Kimmich: He was not happy with the last five minutes. We played in Dortmund and it was 0-0 and we were happy with one point. And Pep was also happy with one point. For him I didn’t play like he wanted me to play in the last minutes, and so he told me after the game with lots of emotions. Were you surprised? Or did you feel if Pep Guardiola cares this much about me, that’s a good thing?

Kimmich: I wasn’t surprised, because that’s the way he is. He’s very emotional, and that was perfect for me as a player, to have a coach who tells you when you do something wrong. That’s the only way we can improve, when we know that we’re doing something wrong. When you were growing up and becoming a teenager and following the game, who were the players that you liked the most?

Kimmich: Xavi Hernández of Barcelona, because he was not always the biggest man, but he had great technique and great passing. He knew perfectly how to pass the ball to his teammates so they would have great chances with the ball. He was an absolute leader and team player and the face of Barcelona. Did people in Germany where you grew up watch a lot of Spanish football?

Kimmich: Not much. I only saw him in Champions League games. You’re not very tall at 5’9”. How do you make up for that when you’re on the field, especially when you’re playing as a center back?

Kimmich: It’s not everything to be tall. As a center back I’m happy that most of the time we have possession of the ball, around 70%, and it’s good for me that I don’t have to go into many duels for headers. So it’s better for me to play with the ball. If I played on a team in the lower half of the league, maybe it wouldn’t be so easy for me to play center back because you have to win those duels when there are high balls. You’re just 21 years old, so I imagine you have areas of the game you would still like to improve in. What are those areas?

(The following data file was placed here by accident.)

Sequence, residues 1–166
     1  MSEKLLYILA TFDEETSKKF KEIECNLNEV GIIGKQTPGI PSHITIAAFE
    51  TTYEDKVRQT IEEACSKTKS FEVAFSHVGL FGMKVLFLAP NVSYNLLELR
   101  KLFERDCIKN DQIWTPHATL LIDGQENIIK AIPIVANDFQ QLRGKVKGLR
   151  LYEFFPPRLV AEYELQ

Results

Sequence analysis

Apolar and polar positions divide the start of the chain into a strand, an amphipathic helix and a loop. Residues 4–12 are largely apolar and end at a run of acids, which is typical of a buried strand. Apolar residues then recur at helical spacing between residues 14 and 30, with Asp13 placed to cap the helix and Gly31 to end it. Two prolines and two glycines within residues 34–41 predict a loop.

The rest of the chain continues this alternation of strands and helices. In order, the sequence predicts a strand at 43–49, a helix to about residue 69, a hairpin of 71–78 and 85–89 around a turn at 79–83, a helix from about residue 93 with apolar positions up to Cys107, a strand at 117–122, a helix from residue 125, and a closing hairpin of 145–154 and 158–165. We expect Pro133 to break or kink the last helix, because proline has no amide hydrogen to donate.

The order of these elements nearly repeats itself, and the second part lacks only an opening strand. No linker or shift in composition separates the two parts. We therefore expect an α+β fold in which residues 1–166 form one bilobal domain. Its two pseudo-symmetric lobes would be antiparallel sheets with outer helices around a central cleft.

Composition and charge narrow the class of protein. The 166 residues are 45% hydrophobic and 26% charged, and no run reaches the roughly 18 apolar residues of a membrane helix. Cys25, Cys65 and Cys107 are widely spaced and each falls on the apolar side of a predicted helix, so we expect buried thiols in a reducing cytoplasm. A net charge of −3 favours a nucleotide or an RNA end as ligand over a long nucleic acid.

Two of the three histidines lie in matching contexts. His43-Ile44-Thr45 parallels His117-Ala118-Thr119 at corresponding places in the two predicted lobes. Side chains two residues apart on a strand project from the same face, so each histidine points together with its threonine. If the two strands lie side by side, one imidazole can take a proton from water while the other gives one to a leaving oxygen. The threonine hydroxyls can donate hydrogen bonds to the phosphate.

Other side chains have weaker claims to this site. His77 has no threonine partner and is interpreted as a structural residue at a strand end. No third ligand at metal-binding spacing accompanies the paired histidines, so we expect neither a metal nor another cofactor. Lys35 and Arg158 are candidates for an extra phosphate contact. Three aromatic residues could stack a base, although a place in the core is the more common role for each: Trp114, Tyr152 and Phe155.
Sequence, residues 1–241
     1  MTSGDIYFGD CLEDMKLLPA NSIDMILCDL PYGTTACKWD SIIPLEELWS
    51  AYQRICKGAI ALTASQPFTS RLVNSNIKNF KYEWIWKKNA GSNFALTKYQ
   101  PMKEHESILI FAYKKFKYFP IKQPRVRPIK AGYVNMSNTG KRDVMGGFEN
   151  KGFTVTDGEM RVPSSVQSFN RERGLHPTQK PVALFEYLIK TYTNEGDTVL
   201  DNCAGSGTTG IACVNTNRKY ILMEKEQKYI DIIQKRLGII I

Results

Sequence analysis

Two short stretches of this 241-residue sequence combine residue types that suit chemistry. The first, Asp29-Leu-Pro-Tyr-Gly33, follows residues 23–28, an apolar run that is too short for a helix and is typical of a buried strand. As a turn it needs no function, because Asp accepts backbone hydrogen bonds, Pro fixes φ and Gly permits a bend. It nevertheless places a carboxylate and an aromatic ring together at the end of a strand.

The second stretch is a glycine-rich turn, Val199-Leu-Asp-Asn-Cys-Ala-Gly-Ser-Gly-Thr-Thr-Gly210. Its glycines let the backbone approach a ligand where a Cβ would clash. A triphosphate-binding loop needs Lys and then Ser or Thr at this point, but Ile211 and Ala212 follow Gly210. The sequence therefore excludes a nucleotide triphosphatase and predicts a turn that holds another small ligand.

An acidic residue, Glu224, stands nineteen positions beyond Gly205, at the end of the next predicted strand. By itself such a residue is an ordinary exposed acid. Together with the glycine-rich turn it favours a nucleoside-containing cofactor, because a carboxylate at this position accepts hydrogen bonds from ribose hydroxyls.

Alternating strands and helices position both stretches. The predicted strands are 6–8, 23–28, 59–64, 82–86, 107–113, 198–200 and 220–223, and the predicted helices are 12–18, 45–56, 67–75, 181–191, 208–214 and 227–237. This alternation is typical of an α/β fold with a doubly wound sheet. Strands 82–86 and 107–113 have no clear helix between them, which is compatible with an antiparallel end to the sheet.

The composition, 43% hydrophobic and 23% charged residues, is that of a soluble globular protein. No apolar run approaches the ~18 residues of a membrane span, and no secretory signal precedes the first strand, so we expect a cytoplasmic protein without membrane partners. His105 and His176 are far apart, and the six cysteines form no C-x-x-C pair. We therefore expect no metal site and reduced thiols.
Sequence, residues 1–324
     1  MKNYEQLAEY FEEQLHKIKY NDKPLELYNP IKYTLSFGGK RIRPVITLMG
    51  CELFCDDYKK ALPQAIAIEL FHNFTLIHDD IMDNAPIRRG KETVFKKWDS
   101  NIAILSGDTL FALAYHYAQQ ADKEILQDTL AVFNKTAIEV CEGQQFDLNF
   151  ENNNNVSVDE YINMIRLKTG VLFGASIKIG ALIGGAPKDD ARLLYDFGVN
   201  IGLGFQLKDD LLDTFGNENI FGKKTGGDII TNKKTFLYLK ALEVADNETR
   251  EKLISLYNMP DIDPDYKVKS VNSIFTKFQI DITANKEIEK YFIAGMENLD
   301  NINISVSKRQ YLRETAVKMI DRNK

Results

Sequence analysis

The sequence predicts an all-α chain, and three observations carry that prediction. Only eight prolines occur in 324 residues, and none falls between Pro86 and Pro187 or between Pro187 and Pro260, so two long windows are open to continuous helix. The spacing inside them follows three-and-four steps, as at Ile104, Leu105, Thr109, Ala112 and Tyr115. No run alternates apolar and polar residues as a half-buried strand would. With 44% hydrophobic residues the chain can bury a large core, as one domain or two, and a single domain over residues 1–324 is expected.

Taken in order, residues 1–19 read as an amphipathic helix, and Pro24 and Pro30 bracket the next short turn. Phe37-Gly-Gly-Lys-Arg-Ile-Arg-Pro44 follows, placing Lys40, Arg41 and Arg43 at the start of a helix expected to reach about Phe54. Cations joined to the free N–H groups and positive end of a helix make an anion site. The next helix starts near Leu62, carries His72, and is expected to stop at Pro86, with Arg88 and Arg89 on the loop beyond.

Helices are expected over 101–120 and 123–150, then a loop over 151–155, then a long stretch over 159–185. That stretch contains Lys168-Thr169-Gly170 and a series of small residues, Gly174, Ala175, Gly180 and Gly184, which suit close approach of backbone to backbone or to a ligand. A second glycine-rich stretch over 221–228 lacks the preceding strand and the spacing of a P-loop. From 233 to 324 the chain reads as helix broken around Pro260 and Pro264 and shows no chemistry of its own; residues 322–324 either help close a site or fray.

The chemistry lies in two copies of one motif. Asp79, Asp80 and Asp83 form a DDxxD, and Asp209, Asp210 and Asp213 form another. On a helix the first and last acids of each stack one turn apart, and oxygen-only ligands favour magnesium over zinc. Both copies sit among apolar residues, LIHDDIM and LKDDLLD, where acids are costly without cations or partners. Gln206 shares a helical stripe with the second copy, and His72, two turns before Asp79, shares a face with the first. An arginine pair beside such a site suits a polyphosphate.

Kimmich: I want to improve everything. But I want to get a bit faster, I want to win more duels. Maybe half a year ago I would say that I wanted to score more goals! But now I have a few goals. The most important thing for me is to stay healthy, to be an option for the coach every game. When you come to the United States, what do you like most about this country?

Kimmich: I’ve never been in the United States. Really?

Kimmich: Bayern had training camp there, but the players who went to the European championship didn’t go there. So maybe you have to tell me what is nice there and where I have to come there when I go? When you come to New York, we’ll show you around. I think you’ll like it.

Kimmich: I hope!